A Dutch journalist who earlier this month accused Greek Prime Minister Kyriakos Mitsotakis of lying about migrant pushbacks said Wednesday she plans to leave Greece out of concern for her safety after she became the target of pro-government media.
"I am being targeted and threatened by pro-government media and extreme right factions," Ingeborg Beugel told the Dutch online newspaper NU.
"Mitsotakis is not used to direct questions and responded in a very authoritarian manner. He thought he had managed to silence the press for the past two years," said Beugel.
She noted that she was even physically threatened as a result of a systematic hate campaign.
"When I was walking home along a dark street, a man threw a stone at my head. He called me a Turkish spy and told me to go to (Turkish President Recep Tayyip) Erdoğan. The stone hit my forehead, so I ran home very fast. That was a bit of a shock," she said.
Beugel noted, however, that she has also received sympathy from some Greek people who expressed support for her journalism.
Highlighting that she was not offered any kind of protection by Greek authorities against the threats, Beugel said the Dutch Journalists' Union (NJV) consulted with the Dutch Foreign Ministry regarding her safety in Greece.
Consequently, she was advised to leave Greece as soon as possible, she added.
Beugel was also briefly interviewed by Anadolu Agency (AA) at a demonstration in Athens late Wednesday to mark the 48th anniversary of the student uprising at Athens Polytechnic, which paved the way for the fall of the Greek military junta a year later.
She said she had been targeted by an intense hate campaign, affirming that the Dutch Foreign Ministry, Dutch Embassy in Athens, NJV and her children strongly advised her to leave Greece.
In a related development, Reporters Without Borders (RSF) strongly condemned the attack on Beugel and urged Greek authorities to identify the perpetrator.
Arguing that the Dutch journalist has faced a campaign on social media and in pro-government media to discredit her for her direct questioning of Mitsotakis on the pushbacks, RSF said: "It is unbearable that a journalist has to leave an EU country after verbal & physical attacks!"
On Nov. 9, Beugel confronted Mitsotakis at a press conference, accusing him of lying about migrant pushbacks.
"Why do you lie about pushing back migrants?" she asked him.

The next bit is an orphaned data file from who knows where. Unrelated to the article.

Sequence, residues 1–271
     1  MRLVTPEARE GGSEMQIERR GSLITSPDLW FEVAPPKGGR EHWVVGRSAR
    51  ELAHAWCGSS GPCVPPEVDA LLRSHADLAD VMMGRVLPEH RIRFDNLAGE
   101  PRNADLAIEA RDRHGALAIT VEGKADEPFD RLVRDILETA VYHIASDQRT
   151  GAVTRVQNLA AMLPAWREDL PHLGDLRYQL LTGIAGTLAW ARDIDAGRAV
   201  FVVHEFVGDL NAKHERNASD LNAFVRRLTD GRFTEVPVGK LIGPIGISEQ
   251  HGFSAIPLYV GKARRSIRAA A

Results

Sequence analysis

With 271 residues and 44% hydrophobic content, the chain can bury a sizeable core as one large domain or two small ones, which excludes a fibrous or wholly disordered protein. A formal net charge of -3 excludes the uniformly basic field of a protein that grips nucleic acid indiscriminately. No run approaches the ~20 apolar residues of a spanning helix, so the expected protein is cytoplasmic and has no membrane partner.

Beugel highlighted proof of illegal pushbacks of migrants by Greek authorities.
Mitsotakis rejected the allegations, saying he could not accept the "insulting of him and the Greek people."
In recent years, hundreds of thousands have made short but perilous journeys across the Aegean to reach northern and western Europe in search of a better life.
Hundreds of people have died at sea as many boats carrying refugees sank or capsized. The Turkish Coast Guard Command has rescued thousands of others.
Turkey and Greece have been key transit points for migrants fleeing war and persecution, looking to cross into Europe to start new lives.
Turkey has accused Greece of large-scale pushbacks and summary deportations without migrants being given access to asylum procedures, which is a violation of international law. It also accuses the EU of turning a blind eye to this blatant abuse of human rights.
Pushbacks are considered contrary to international refugee protection agreements that dictate that people should not be expelled or returned to a country where their life and safety might be in danger due to their race, religion, nationality or membership in a social or political group.
Various human rights organizations have also documented and criticized Greece's violent migrant policies.
In a report published in September, the European Union's Fundamental Rights Agency (FRA) revealed that migrants continue to be subject to difficult conditions and violations of their rights in detention and reception centers at EU borders. The report also noted that pushing migrants back to Turkey has become the de facto border policy of Greece, and that torture, ill-treatment and pushbacks continue.
According to the report of the Vienna-based FRA on fundamental rights, covering June 1-June 30, there have been cases of violent pushbacks in Croatia, the Greek Cypriot administration, France, Greece, Hungary, Malta, Romania, Serbia and Slovenia.
In the report, it was stated that children seeking asylum without an accompanying person or with their families were detained in Bulgaria, Croatia, the Greek Cypriot administration, France, Greece and Poland.
The report detailed issues including migrants being made to undergo the mandatory quarantine period on ships after being rescued rather than being taken to ports in Italy to disembark, delays in search and rescue operations at sea, allegations of pushbacks at sea, widespread use of migration detention and accounts of violence in detention centers prior to deportation in Malta continue.